Wednesday, 14 December 2011


Last week I had a dinner date with my Dad - he met me after work in Soho and without the rest of my immediate family hankering after the favourite haunts in Gerard Street we decided to try something new.
We decided on a packed Kaslik - a Lebanese joint that we figured must be decent considering it's remained open in Soho for almost a deccade and was jam-packed.
The last time I reviewed a Lebanese restaurant it was way back in my first ever post in January 2010 on Kenza which had an opulence and glamour about it – in the heart of the financial quarter of the city and with scantily clad ladies dancing round as you eat. Whilst Kaslik certainly didn’t match the mystique and awe on arrival it did have a certain, warm charm that almost embraces you on your entrance. The ground level area is small and there are very small round tables dotted all over with stools to sit on and the odd cushion. Be warned if you’re the shy type then this intimate dining style with strangers a mere few inches away might not be for you!
My Dad and I were won over by the charm though – everyone in the restaurant was lively and there was a real buzz in the atmosphere – a great start. We immediately ordered a Lebanese beer: Almaza which was cold, light and refreshing and certainly quenched our thirst. We scoured the menu and chose for our ‘mezze’ the cold ‘Labneh’ with pitta bread, the Kalaj, and a special which was ‘Meatball Kafta’.
The labneh was a dip of yoghurt and mint, the Lebanese version of a Tzatsiki but without the pungent garlic – it was very refreshing, and complemented our other dishes well. The ‘Kalaj’ was haloumi and black olives, sliced and toasted in pitta bread – absolutely delicious. The haloumi had none of the rubberiness that you can sometimes be faced with, instead it had a slight melt-ability to it, and a glorious flavour.
My dad had chosen the Meatball Kafta which was, simply lamb meatballs in a spicy, herby tomato based sauce and it was the star showing by far. The meat was full of the flavours of the sauce and melt-in-the mouth tender – the meatballs tasted like they’d been lovingly prepared and cooked for hours absorbing all of the cumin, coriander and cinnamon herbs and spices. It really had such a gorgeous taste and I couldn’t pinpoint one particular flavour, but I’d go back there for this dish alone.
The pitta bread which were apparently ‘cooked on hot stone’ were a bit of a disappointment and my dad continued to send them back until they had some colour as they arrived anaemic and white looking and we strongly suspected they’d been prepared in the microwave (not good!). In the end my Dad asked them to burn them – at which they came back slightly browned.
Another down point was the service at the beginning of the meal – we soon realised that there was a Christmas party of some description going on downstairs and with two waiting staff – this was never going to work when upstairs was packed and almost every table seemed to be just receiving their mezze when we arrived – so we assumed the kitchen was similarly rushed.
This thought was confirmed when every half hour or so the sweaty, harassed looking chef would appear in his full whites, hurriedly running through to the front of the restaurant for a cigarette. We found this quite funny and it only added to the character of the place.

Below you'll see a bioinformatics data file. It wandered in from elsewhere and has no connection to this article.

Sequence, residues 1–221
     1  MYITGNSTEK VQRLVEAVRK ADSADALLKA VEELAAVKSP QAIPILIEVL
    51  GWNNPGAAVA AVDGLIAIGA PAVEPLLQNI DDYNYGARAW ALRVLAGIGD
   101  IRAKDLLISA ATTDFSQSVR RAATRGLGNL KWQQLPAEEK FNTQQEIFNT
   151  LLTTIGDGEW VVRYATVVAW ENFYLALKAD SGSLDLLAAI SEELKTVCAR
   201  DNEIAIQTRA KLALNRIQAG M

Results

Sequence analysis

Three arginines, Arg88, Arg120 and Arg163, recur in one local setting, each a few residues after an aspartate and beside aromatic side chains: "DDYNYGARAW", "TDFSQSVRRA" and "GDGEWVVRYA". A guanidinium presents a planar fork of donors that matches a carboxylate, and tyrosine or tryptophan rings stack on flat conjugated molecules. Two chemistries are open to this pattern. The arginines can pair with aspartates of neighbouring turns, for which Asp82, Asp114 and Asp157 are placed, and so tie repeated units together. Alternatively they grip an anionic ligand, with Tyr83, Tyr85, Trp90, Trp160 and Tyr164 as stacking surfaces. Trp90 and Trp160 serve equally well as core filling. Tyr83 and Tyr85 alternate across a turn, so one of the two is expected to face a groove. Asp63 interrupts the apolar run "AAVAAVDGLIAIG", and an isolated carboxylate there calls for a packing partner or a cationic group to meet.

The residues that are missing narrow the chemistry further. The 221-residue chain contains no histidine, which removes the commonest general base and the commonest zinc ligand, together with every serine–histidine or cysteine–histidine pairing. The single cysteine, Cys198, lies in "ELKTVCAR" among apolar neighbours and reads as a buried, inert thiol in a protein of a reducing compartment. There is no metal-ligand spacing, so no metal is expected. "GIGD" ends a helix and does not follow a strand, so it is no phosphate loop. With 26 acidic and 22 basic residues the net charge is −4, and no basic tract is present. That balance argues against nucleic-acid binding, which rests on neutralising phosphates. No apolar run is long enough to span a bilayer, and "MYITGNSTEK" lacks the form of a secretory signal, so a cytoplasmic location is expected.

But waiter number one in his harassed state did come across as quite rude and we were left for about 25 minutes after receiving our first beer before we were able to order as well – not a problem but nobody arrived to assure us they’d be over soon or anything, which I thought lacked thought. The waitress who took over from him was charming and pleasant which did make up in part for cheerful Charlie at the beginning.
Between the starters and mains as well there was a good 45 minute to an hour wait which was a bit much too.
Back to the food though – when the main courses did arrive I was more than happy. I had the ‘Chicken Shawarma Grill’. My Dad opted for the Lamb Shish Kebab. The menu didn’t stipulate what came with these and when asked the waiter said ‘you must order side dishes’ so we ordered a tomato and onion salad and some rice. When the meals arrived we were a little put out that the meals both came with a really rather large salad, and felt the waiter had let us down a bit.
I really enjoyed my main, the chicken was really tasty and flavourful and I’ve since discovered that ‘Shawarma’ is actually the naughtiest of dishes and realised the reason I enjoyed it so much and thought it reminded me of my beloved Greek Gyros. It was delicious and once again the meat was perfectly flavoured and very, very moreish. It came with a tortilla wrap too – which I found a little strange, especially as it was also cold, so I dis-regarded this and ate a little more pitta.
My Dad’s Lamb Shish was good too and unlike my strips of almost shredded meat, as you would expect with this dish it was served in chunks – the meat was again very tender, and quite herby. The rice that accompanied our dish had mint running through it very subtly and an almost fragrant scent and taste too that I couldn’t put my finger on but it was lovely. The labneh which we kept throughout again complemented our dishes really well.
We didn’t make dessert but this may have been in part due to the fact we didn’t finish our main course till 1030pm after arriving at 8pm and still had to make our way back to Essex – but I’ll be sure to return as I saw some gorgeous looking Baklava going to the table beside us.
The meal came in around the £70 mark including a few beers and white wine so about average for Soho.
The food was not fine dining but in flavour it was exceptional, the service average and the atmosphere electric – I’ll definitely return but with a larger crowd next time so more can enjoy the buzz that gives Kaslik it’s own unique charm.
Kaslik on Urbanspoon
Square Meal

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